Liberal think tank cuts ties with researcher who criticized Google

Liberal think tank cuts ties with researcher who criticized Google
The New America Foundation, a Washington, D.C.-based liberal think tank, cut ties with a researcher after he posted a statement criticizing its corporate mega-donor, Alphabet, the parent company of Google. (Image source: Justin Sullivan/Getty Images)

A liberal Washington, D.C., think tank employee is out of a job after he wrote an article critical of Google.

The New York Times reported Wednesday that Barry Lynn no longer works at the New America Foundation, which has received a combined $21 million from Google; Eric Schmidt, who serves as executive chairman of Google’s parent company, Alphabet; and Schmidt’s family foundation since 1999.

Lynn oversaw New America’s Open Markets project, where he led a team of other researchers, all of whom departed New America along with Lynn.

The Times reported that Lynn’s departure came after he issued a statement “congratulating” the European Commission for slapping Google with a record $2.7 billion fine. In April, the European Commission accused Google of violating anti-trust laws in a number of areas, including by “giving financial incentives to manufacturers and mobile network operators on condition that they exclusively pre-install Google Search on their devices.”

Lynn issued the following statement on June 27, more than two months after the European Commission announced the fine for Google:

By requiring that Google give equal treatment to rival services instead of privileging its own, [European Commissioner for Competition Margrethe] Vestager is protecting the free flow of information and commerce upon which all democracies depend. We call upon U.S. enforcers, including the Federal Trade Commission, the Department of Justice, and states attorneys general, to build upon this important precedent, both in respect to Google and to other dominant platform monopolists including Amazon.

According to the Times, Lynn’s statement was temporarily removed from New America’s website just hours later. It was later reposted.

Two days after the statement went online, New America Foundation President Anne-Marie Slaughter reportedly called Lynn into her office and told him that “the time has come for Open Markets and New America to part ways.” She reportedly claimed that Lynn was “imperiling the institution as a whole” but added that the decision was “in no way based on the content of your work,” the Times reported.

Lynn’s ousting raised questions over just how much influence Google and it’s parent company, Alphabet, exert at New America in key policy crafting areas, which Democratic lawmakers sometimes adopt and advocate for during debates over federal legislation. Tyra Mariani, executive vice president of the New America Foundation, denied to the New York Times that any corporation influences or dictates policy proposals coming out of the liberal think tank.

“New America financial supporters have no influence or control over the research design, methodology, analysis or findings of New America research projects, nor do they have influence or control over the content of educational programs and communications efforts,” Mariani said.

She further stated that Lynn’s departure from New America was “a mutual decision for Barry to spin out his Open Markets program.” Lynn plans to launch a nonprofit of his own, along with his former team at the think tank, that will continue the work they did.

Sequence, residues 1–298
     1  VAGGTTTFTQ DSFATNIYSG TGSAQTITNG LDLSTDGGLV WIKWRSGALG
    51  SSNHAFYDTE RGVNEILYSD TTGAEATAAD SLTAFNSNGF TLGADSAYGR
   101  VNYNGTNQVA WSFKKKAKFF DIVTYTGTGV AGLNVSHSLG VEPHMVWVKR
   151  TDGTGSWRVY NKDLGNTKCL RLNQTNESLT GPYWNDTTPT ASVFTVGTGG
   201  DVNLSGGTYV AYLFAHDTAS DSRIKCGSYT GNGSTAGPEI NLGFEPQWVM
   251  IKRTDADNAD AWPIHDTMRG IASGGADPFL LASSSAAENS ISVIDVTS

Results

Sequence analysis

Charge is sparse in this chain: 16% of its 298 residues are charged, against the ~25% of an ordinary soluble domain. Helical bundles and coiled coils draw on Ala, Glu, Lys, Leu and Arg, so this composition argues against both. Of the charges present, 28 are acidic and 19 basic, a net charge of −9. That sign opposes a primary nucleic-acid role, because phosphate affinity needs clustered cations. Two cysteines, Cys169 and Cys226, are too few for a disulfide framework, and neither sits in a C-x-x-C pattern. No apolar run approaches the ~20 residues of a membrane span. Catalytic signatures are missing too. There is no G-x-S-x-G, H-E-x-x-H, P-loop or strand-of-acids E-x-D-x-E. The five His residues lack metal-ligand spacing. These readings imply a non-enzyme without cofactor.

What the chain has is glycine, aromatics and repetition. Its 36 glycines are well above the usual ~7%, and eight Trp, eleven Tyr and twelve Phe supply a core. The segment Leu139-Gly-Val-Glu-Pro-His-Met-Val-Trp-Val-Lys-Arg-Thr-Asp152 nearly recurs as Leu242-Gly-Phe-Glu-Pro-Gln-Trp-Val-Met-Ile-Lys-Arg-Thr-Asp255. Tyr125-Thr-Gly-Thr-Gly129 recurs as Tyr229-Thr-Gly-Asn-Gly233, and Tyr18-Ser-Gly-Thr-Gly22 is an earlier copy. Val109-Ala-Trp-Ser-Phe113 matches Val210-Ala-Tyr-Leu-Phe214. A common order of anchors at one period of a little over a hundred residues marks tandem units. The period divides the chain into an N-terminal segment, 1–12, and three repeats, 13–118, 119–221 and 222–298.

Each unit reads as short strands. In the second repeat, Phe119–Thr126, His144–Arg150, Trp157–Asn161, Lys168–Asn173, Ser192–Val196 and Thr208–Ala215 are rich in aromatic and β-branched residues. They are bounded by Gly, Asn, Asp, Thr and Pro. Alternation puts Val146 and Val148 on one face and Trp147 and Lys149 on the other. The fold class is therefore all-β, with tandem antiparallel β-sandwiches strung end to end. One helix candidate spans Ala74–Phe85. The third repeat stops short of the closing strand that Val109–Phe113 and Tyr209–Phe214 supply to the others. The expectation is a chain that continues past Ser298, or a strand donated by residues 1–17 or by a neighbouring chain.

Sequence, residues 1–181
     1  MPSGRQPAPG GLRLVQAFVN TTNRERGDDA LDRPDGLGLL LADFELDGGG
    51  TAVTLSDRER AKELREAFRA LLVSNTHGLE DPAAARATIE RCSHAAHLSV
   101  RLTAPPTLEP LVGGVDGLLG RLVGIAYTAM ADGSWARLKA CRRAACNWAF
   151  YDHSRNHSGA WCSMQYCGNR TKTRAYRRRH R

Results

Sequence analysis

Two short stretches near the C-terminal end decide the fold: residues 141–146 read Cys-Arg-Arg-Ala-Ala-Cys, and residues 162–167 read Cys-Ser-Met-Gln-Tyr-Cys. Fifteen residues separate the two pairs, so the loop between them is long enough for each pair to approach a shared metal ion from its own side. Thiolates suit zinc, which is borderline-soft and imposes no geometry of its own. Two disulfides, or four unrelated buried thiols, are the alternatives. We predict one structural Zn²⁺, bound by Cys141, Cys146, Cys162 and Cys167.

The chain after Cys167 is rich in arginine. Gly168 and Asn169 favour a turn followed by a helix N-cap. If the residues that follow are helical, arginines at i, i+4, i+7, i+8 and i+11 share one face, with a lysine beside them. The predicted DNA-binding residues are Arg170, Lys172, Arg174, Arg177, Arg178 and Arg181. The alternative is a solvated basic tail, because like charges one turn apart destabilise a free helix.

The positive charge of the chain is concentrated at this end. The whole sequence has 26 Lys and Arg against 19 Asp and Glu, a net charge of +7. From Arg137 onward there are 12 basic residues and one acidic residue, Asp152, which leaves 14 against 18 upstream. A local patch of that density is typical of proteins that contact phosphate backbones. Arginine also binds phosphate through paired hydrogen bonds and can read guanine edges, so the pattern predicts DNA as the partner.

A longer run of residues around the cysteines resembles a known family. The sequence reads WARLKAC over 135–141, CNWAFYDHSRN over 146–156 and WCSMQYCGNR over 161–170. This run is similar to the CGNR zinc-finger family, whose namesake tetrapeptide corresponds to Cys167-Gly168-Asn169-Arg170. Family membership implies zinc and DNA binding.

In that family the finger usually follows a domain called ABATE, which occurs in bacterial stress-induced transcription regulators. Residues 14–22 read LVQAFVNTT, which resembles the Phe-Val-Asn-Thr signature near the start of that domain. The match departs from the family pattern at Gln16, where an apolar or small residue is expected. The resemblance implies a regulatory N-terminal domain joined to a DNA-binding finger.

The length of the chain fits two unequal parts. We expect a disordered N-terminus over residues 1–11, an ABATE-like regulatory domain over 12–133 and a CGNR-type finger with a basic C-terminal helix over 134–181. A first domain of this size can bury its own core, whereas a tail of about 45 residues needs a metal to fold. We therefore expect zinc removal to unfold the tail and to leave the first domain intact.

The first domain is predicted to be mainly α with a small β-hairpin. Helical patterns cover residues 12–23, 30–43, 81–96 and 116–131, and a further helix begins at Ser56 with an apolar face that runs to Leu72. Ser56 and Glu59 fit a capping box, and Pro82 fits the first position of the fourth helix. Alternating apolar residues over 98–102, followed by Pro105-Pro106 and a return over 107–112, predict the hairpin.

In the meantime, Lynn created a website called Citizens Against Monopoly, where he urges Google, “don’t be evil.”

“Our mission was to protect liberty and democracy from gigantic corporate monopolies. When we criticized Google for its monopoly practices, our program’s funding was cut,” the website states on its homepage. Lynn went on to say that New America “instantly caved in to Google’s power, shutting down our program and cutting all ties to our team.”

Citizens Against Monopoly vows to keep fighting against what it sees as Google’s and Alphabet’s attempt to “censor journalists and researchers who fight dangerous monopolies.” The website provides a pre-written letter for visitors to send to Google as a form of protest.

“Google’s attempts to shut down think tanks, journalists and public interest advocates researching and writing about the dangers of concentrated private power must end,” the letter reads. As an immense corporation, it’s wrong for Google to wield its vast financial and political power to try to silence the writers and researchers working to promote sensible antitrust enforcement.”

In a statement to the Times, Lynn accused Google of “throwing its money around Washington and Brussels, and then pulling the strings.”

“People are so afraid of Google now,” Lynn added.

Google spokeswoman Riva Sciuto addressed the criticism in a statement of its own to the Times: “We don’t agree with every group 100 percent of the time,” Sciutto said, “and while we sometimes respectfully disagree, we respect each group’s independence, personnel decisions and policy perspectives.”

The Times report came just weeks after Google faced widespread criticism for the firing of 28-year-old James Damore.

Damore was the author of a controversial internal diversity memo calling out the technology giant for its liberal bias.

Google CEO Sundar Pichai said that “much of what was in that memo is fair to debate, regardless of whether a vast majority of Googlers disagree with it.” But, Pichai added, “portions of the memo violate our Code of Conduct and cross the line by advancing harmful gender stereotypes in our workplace.”

Damore said during an interview after his firing that “the whole culture [at Google] just tries to silence any dissenting view.”

“We really need some more objective ways of looking at these things,” Damore said, referring to the employment gender gap in the technology sector.